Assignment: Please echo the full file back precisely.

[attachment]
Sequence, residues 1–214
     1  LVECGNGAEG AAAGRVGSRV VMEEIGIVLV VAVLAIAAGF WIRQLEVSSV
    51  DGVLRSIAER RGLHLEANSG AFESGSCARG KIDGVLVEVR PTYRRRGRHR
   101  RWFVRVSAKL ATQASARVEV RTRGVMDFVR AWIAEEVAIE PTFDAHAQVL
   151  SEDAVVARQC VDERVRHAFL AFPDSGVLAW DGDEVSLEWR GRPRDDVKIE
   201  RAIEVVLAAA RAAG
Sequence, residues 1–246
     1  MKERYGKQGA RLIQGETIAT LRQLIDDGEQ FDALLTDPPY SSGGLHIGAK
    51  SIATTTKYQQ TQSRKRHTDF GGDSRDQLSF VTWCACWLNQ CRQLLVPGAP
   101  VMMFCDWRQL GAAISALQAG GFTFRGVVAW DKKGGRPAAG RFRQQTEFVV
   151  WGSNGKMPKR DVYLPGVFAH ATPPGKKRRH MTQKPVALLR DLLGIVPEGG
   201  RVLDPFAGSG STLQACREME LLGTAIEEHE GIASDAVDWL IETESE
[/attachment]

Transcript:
Sequence, residues 1–214
     1  LVECGNGAEG AAAGRVGSRV VMEEIGIVLV VAVLAIAAGF WIRQLEVSSV
    51  DGVLRSIAER RGLHLEANSG AFESGSCARG KIDGVLVEVR PTYRRRGRHR
   101  RWFVRVSAKL ATQASARVEV RTRGVMDFVR AWIAEEVAIE PTFDAHAQVL
   151  SEDAVVARQC VDERVRHAFL AFPDSGVLAW DGDEVSLEWR GRPRDDVKIE
   201  RAIEVVLAAA RAAG
Sequence, residues 1–246
     1  MKERYGKQGA RLIQGETIAT LRQLIDDGEQ FDALLTDPPY SSGGLHIGAK
    51  SIATTTKYQQ TQSRKRHTDF GGDSRDQLSF VTWCACWLNQ CRQLLVPGAP
   101  VMMFCDWRQL GAAISALQAG GFTFRGVVAW DKKGGRPAAG RFRQQTEFVV
   151  WGSNGKMPKR DVYLPGVFAH ATPPGKKRRH MTQKPVALLR DLLGIVPEGG
   201  RVLDPFAGSG STLQACREME LLGTAIEEHE GIASDAVDWL IETESE